The F-word in court: is it a record?
Lord Woolman may have set a new record for the number of times the F-word has appeared in a civil case judgment in his opinion in McCormack v Hamilton Academical Football Club  CSOH 124, issued on 1 September 2010.
Mr McCormack had been sacked for gross misconduct as assistant manager of the football club after a mere two months in post. His claim was for wrongful dismissal. One of the major aspects of the alleged misconduct was Mr McCormack's swearing and in particular his regular use of the F-word in public and in the relative privacy of the dressing-room. Narrating the evidence, Lord Woolman finds himself forced to use the word also, no less than six times. There were also a number of other incidents in which Mr McCormack's speech and conduct showed himself not inclined to tone it down a bit when in the presence of a member of the opposite gender (the club physiotherapist was female).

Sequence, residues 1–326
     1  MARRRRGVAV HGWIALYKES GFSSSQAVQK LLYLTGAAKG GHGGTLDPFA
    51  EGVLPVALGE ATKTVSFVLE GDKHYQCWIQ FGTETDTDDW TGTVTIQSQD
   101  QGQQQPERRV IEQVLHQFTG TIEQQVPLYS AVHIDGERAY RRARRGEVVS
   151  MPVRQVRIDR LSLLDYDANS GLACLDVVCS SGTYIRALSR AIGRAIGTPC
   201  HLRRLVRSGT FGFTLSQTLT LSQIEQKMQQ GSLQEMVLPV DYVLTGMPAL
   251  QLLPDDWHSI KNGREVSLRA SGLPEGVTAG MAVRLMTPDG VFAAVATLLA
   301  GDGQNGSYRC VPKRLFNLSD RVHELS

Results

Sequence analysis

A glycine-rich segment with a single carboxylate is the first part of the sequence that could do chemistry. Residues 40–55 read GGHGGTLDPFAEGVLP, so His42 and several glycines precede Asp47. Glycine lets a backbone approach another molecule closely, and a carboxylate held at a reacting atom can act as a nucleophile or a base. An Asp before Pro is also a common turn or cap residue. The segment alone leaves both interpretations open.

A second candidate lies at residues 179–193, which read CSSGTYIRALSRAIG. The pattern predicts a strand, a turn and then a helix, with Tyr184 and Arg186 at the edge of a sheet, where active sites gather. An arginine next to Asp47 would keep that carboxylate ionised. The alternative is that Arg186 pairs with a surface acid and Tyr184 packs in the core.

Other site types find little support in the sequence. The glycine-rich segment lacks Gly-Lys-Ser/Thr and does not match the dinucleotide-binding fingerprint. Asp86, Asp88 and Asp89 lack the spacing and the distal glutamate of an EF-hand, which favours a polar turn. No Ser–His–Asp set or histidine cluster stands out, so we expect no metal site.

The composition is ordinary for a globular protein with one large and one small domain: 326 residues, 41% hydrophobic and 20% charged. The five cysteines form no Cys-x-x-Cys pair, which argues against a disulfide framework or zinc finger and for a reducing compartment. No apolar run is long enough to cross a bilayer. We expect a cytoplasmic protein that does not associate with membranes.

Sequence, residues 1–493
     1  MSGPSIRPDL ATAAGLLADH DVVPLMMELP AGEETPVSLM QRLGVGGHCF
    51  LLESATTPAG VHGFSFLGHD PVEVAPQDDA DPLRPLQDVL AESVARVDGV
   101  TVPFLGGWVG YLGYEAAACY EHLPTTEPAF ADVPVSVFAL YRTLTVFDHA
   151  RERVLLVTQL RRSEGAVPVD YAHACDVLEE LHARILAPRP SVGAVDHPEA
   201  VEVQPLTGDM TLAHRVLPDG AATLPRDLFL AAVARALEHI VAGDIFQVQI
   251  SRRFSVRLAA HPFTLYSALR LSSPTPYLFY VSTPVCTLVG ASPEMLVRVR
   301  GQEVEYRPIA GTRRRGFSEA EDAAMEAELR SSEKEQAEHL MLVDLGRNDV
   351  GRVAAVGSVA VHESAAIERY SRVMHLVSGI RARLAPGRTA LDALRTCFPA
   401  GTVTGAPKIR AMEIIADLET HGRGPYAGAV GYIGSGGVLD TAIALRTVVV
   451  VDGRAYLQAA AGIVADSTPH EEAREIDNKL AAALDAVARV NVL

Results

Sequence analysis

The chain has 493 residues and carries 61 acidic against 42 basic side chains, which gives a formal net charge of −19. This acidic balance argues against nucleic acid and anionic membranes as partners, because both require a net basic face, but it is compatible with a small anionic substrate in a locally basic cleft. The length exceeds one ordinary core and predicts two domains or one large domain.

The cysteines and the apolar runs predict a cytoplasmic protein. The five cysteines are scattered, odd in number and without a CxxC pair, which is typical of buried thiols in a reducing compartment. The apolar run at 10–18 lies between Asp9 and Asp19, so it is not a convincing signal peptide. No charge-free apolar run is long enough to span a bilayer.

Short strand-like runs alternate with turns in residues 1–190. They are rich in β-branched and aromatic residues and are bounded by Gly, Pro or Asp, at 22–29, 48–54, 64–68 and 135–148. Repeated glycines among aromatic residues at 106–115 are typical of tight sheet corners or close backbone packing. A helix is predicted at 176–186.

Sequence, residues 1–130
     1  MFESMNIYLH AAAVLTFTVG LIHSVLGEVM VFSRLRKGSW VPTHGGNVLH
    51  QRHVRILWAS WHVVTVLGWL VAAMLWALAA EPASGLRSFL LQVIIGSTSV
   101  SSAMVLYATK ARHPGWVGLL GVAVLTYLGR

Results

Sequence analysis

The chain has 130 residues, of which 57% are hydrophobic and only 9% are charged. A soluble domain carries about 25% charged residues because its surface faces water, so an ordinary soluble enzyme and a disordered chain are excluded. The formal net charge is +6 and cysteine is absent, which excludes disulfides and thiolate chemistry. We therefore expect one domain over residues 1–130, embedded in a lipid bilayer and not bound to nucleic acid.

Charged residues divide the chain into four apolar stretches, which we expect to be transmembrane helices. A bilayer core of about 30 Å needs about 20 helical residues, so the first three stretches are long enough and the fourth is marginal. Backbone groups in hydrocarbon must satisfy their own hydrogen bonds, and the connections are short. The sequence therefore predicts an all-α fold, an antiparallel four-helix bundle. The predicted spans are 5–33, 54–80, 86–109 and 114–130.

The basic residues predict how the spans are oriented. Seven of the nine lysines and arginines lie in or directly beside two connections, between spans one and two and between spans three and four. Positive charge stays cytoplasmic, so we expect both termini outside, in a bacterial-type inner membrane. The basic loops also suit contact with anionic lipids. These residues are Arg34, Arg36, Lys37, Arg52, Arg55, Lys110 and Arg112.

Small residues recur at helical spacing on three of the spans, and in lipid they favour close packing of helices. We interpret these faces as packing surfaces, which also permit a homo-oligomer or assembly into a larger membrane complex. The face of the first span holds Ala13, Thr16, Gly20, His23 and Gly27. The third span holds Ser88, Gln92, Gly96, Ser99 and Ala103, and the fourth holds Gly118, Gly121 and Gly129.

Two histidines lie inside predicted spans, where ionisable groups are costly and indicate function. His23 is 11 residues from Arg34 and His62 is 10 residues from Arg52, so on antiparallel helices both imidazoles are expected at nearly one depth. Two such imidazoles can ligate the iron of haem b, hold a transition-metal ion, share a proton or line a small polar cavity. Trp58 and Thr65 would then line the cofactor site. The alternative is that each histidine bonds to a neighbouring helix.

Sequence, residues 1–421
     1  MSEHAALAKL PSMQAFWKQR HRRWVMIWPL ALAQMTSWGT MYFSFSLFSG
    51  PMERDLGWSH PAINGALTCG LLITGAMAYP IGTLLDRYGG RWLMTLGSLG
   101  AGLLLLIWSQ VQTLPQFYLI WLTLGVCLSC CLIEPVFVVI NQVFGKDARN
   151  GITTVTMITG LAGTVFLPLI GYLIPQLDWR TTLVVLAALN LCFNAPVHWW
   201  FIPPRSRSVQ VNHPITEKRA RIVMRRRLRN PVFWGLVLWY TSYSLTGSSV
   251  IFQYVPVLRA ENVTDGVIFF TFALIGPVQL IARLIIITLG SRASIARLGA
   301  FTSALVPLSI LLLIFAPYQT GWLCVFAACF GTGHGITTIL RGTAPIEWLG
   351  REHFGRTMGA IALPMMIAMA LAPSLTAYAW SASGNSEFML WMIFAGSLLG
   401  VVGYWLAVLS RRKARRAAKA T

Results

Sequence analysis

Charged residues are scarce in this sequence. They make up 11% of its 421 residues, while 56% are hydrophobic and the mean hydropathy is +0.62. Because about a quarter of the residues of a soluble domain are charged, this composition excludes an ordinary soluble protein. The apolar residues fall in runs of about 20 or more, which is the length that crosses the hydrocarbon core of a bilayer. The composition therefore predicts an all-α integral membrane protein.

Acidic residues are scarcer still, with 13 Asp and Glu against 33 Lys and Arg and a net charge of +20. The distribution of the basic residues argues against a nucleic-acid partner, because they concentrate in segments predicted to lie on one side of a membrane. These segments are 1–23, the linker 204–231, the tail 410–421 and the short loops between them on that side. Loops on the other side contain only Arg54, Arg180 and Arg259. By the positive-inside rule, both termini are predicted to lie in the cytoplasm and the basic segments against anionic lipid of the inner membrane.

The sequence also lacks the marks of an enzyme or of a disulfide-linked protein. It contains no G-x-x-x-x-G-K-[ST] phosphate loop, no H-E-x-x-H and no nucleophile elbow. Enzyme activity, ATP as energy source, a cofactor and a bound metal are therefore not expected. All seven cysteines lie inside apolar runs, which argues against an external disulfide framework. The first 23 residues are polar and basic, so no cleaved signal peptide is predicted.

Nonetheless Lord Woolman comes to the conclusion that Mr McCormack was indeed wrongfully dismissed and puts the case out By Order for assessment of the damages to be awarded. There is however no elaboration on the meaning and significance of the F-word and its derivatives such as we find in the English passing off and cybersquatting case French Connection Ltd v Sutton  ETMR 341 (the case also responsible for your correspondent's only use of the F-word in print: see Contemporary Intellectual Property: Law and Policy chapter 17).